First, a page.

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Social Anxiety is more common than you may realise. On the outside, most people appear to be in control and even confident in new social situations, but you will be surprised to find out how many of them are feeling jittery and anxious inside.
They may be feeling afraid of what others think, of rejection, and also terribly nervous about what they will say or how to start a conversation.
As a result, people suffering from Social Anxiety may:
- *Avoid social activities and spend most of their time alone or with people they feel ‘safe’ with.
- *Feel a strong feeling of low self-worth and inadequacy in a large group of people, in meetings or in any public situation, particularly when they don’t know the people well.
- *Feel a huge reluctance towards meeting new people, fearing rejection or making a fool of themselves in some way.
- *Have a general fear of saying or doing the ‘wrong’ thing.
- *Worry excessively about what others will think or say, fearing criticism.
- *Feel socially inept, and possibly inferior to others. They may be sure that ‘everybody’ else has got it ‘all together’ and they are the only ones who feel the way they do.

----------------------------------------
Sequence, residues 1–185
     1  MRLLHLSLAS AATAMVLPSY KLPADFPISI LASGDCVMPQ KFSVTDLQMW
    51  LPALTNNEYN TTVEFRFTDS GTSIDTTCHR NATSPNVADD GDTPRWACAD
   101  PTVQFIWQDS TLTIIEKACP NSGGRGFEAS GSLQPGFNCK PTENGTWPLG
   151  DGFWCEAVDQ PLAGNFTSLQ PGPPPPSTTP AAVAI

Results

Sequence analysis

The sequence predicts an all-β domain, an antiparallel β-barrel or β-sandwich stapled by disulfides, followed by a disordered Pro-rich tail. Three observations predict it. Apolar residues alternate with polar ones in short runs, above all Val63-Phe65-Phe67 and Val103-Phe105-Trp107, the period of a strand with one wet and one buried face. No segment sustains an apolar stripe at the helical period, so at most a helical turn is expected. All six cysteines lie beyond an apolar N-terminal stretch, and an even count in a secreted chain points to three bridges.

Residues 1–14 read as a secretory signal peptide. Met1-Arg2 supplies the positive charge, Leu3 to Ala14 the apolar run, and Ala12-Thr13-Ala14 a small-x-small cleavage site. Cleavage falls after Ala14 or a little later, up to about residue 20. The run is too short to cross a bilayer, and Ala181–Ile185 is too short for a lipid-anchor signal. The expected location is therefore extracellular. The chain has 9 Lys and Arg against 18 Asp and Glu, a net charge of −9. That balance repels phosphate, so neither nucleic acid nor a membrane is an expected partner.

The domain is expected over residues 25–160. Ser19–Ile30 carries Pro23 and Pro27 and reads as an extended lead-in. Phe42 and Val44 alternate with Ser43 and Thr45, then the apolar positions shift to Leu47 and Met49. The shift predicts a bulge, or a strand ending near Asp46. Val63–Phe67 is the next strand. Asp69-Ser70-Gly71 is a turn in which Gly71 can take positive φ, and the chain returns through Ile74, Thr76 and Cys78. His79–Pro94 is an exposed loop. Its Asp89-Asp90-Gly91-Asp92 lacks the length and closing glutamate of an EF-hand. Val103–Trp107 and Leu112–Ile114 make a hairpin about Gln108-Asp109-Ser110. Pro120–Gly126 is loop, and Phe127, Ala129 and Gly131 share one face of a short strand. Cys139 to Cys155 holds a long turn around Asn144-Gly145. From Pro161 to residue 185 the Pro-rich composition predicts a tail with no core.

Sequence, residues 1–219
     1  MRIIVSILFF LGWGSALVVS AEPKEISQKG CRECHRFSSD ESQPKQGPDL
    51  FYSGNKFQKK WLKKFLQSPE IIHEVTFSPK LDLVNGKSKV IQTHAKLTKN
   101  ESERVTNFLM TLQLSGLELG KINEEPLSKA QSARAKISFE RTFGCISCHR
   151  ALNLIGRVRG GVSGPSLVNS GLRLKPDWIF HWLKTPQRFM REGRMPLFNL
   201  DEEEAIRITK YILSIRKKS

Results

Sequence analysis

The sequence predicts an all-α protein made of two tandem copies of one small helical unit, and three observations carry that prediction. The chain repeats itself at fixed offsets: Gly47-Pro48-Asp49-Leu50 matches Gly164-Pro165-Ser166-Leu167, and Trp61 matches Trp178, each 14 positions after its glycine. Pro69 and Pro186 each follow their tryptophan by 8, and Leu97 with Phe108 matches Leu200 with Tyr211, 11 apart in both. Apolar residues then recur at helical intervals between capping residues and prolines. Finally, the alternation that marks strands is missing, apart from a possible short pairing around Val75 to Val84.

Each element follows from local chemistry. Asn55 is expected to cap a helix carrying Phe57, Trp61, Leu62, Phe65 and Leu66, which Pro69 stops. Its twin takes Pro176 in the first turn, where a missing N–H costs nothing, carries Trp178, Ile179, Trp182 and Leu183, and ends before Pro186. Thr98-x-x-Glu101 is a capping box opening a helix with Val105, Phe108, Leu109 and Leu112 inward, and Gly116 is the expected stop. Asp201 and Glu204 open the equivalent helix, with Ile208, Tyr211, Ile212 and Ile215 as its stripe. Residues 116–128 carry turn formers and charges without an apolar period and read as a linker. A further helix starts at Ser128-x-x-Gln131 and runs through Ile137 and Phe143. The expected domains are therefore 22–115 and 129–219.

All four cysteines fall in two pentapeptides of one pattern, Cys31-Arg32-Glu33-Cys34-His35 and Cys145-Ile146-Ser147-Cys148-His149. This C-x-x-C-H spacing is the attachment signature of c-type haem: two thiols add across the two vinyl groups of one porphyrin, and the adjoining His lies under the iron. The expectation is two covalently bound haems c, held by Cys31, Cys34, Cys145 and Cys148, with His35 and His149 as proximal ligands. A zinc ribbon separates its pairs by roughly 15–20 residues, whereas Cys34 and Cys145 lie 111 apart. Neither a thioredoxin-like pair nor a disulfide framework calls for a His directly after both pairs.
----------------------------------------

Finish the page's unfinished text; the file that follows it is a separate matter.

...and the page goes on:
- *Feel terrified that somehow people will see who they ‘really’ are and realise they are inferior, or a fake, or see how nervous they are.
- *Say they ‘don’t know what to say’ in company.
Social Anxiety is also sometimes referred to as Avoidant Personality Disorder – although I feel this gives it a very negative ‘label’ and makes it seem like some kind of disease which is irreversible!
Social Anxiety can be treated by :
1) Challenging and changing dysfunctional thinking. People with social anxiety tend to have a lot of limiting beliefs, plus an unrealistic view of social standards and of themselves. These need to be corrected by consciously changing the way they think.
2) Learning to understand other people and the way we all think. Nobody is perfect, and we all want to be loved and accepted.
3) Developing self-confidence and self-acceptance is essential for any real permanent result to be achieved.
4) Accepting that thinking and beliefs can be changed.
One of the biggest obstacles people with Social Anxiety face is the ‘secondary gain’ of keeping their anxiety. The sub-conscious mind will try to avoid the treatment, as a way to avoid social interaction. It is essential to consciously overcome this avoidance by committing to action. The sub-conscious only tries to help and doesn’t ‘realise’ that when once healing has been achieved, social events will become pleasurable!
I treat people with social anxiety using a combination of Counselling, CBT, NLP, hypnotherapy and EFT. I also recommend positive affirmations and listening to motivational and self-help audios daily until there is a noticeable shift in the levels of fear around meeting new people.
The mind is a wonderful slave, but a terrible master! In order to be the master of our lives and destinies, we must first become master of our own minds!